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Flammable Planet

September 4, 2021

Wildfire in the U.S. Pacific Northwest, May 2013.

Credit: Bureau of Land Management, public domain, via Wikimedia Commons

For billions of years, there was no fire on Earth.

There was heat to ignite it, like volcanic eruptions and lighting strikes. But fire lacked two very crucial ingredients: fuel to burn, and oxygen to feed the flames.

Ironically, plants would provide both.

Fire is a chemical reaction where fuel oxidizes to produce heat and light energy, carbon dioxide, water vapor and other gases.

Fire can start when there’s about 13% oxygen in the air, but it won’t stay lit.

It will burn steadily at 16% oxygen, improving to about 23%, and plateauing at 30%.

Land plants evolved 470 million years ago, consuming carbon dioxide to perform photosynthesis and producing oxygen as a by-product.

As they grew, evolved, and covered more of the Earth, plants finally drove Earth’s atmosphere to above 13% oxygen.

And, 420 million years ago, the first fires started.

Plants continued to thrive, and swampy forests eventually covered the globe during the time of dinosaurs. Oxygen levels hit 29% and wildfires became very common.

Around 50 million years ago, oxygen levels stabilized at 21%, as fire and photosynthesis struck a balance: Fire consumes plants and oxygen and makes carbon dioxide. Plants consume carbon dioxide and make oxygen.

A perfect cycle.


Synopsis: Fire is a chemical reaction that requires an ignition source, fuel and oxygen, producing heat, light, ash and smoke. For billions of years, there was no fire on Earth—even with an effective ignition source like lightning, fire could not happen until there was enough fuel and oxygen to sustain the reaction. But once land plants evolved to use photosynthesis to turn carbon dioxide into oxygen, wildfire became possible, turning that oxygen back into carbon dioxide. These two chemical reactions have balanced the level of oxygen in Earth’s atmosphere for more than 300 million years, sustaining terrestrial life—like us.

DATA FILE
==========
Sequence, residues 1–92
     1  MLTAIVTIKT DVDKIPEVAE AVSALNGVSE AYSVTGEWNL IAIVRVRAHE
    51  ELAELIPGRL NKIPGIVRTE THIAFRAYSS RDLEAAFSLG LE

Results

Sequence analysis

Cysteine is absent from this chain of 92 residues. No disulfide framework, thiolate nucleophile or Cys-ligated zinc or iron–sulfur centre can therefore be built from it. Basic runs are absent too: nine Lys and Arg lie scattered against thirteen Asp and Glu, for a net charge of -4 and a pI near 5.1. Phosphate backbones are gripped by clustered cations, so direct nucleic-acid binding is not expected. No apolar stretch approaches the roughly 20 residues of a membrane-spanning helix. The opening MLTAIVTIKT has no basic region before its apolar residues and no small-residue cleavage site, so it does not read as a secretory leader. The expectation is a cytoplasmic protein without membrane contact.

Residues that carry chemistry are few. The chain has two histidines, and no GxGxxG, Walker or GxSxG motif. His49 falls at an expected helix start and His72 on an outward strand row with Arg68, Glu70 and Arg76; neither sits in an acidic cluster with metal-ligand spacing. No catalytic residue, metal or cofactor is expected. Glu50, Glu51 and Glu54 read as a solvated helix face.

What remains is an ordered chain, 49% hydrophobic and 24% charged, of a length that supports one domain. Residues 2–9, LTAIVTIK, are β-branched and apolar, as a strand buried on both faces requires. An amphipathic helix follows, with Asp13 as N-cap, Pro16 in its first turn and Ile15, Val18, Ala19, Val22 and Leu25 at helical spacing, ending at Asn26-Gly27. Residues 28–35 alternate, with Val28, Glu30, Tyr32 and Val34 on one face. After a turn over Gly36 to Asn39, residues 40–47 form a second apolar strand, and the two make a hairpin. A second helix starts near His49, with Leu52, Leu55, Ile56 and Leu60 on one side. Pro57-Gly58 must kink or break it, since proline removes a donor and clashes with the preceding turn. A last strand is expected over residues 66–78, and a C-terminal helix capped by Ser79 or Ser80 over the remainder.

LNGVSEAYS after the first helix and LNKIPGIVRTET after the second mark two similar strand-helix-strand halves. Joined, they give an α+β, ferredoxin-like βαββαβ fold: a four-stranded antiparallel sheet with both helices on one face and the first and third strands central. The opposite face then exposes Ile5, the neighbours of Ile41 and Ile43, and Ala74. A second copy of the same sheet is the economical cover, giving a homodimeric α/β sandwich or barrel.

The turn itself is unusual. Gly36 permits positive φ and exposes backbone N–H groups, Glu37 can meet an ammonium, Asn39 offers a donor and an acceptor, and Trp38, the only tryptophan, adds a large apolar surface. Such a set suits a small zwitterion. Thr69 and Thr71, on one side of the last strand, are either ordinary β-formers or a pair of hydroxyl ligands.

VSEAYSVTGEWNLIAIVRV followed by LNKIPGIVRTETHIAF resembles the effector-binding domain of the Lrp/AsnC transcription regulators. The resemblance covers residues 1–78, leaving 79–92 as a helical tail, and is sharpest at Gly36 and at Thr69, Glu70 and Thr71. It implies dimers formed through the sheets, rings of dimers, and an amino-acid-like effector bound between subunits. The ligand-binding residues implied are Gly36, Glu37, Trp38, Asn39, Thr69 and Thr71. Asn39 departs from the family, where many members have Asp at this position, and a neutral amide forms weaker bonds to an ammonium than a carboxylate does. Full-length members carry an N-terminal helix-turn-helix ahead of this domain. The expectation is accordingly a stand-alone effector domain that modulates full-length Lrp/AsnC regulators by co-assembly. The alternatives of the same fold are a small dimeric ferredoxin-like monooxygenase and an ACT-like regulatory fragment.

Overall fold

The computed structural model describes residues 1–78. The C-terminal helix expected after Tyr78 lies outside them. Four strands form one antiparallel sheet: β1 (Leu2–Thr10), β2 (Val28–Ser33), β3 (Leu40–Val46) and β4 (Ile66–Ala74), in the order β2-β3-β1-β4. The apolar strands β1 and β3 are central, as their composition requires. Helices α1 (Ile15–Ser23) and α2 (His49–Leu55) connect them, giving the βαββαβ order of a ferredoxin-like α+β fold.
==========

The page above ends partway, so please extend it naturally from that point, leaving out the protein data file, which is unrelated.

• Fire is a chemical reaction, possibly the most important to life on Earth after photosynthesis.
    • Wildfire is the combustion of plant-matter fuel in the presence of oxygen.
    • The history of wildfire on Earth is intimately linked to the history of photosynthesis on Earth.
  • Fire is combustion, which is an exothermic oxidation reaction. This means that oxygen combines with fuel, releasing heat and light energy along with combustion products like smoke and ash.
    • Before anything can happen, the reactants must reach ignition temperature—putting fuel next to oxygen will not cause a fire without ignition.
    • Wood has to reach about 300°F (150°C) before it begins to evolve its volatile gases in smoke, leaving behind charcoal. When you burn charcoal in a barbecue grill, it does not smoke because charcoal is what is left after heating evolves all the volatile gases from wood but has not yet consumed the wood.
    • Once the volatile gases are hot enough at about 500°F (260°C), combustion occurs: The carbon in the gas combines with oxygen from the air to produce carbon monoxide (CO), and if there is enough oxygen, the reaction also produces carbon dioxide (CO2). Hydrogen from the fuel also combines with oxygen to produce water (H2O).
    • The exothermic reaction evolves heat energy, and light energy is produced by the incandescent property of carbon atoms, with hotter flames appearing as blue and cooler flames appearing as orange or yellow.
    • The carbon in charcoal combines with oxygen, burning slowly and maintaining ignition temperature to keep the fire going until all the fuel is spent, leaving nonflammable residue behind as ash.

flame shapes
Gravity determines the shape of flames as less-dense hot gas spreads upward to form a point (right). In microgravity, NASA experiments show us that fire forms a sphere (left).

Credit: NASA

  • Evidence of ancient wildfire comes from fossils of charcoal, known as fusain, which is a silky carbon residue left behind when charcoal is buried and fossilized. Although fusain may be interlayered with coal, it is not coal.
    • Coal is a plant-rich rock that forms when ancient swamps are buried and lithified. As it is buried deeper and deeper, it progresses from peat to lignite to bituminous coal to shiny black anthracite. All of these produce soot when burned.